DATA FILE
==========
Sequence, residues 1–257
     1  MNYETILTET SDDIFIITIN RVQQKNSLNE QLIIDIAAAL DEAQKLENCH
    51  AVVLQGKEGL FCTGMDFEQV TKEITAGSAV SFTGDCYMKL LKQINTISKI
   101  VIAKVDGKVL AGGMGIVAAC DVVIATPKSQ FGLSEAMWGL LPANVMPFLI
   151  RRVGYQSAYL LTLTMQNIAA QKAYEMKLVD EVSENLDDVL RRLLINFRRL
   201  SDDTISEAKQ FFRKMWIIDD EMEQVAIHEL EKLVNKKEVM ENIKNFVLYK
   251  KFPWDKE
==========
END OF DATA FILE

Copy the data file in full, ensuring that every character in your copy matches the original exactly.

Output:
Sequence, residues 1–257
     1  MNYETILTET SDDIFIITIN RVQQKNSLNE QLIIDIAAAL DEAQKLENCH
    51  AVVLQGKEGL FCTGMDFEQV TKEITAGSAV SFTGDCYMKL LKQINTISKI
   101  VIAKVDGKVL AGGMGIVAAC DVVIATPKSQ FGLSEAMWGL LPANVMPFLI
   151  RRVGYQSAYL LTLTMQNIAA QKAYEMKLVD EVSENLDDVL RRLLINFRRL
   201  SDDTISEAKQ FFRKMWIIDD EMEQVAIHEL EKLVNKKEVM ENIKNFVLYK
   251  KFPWDKE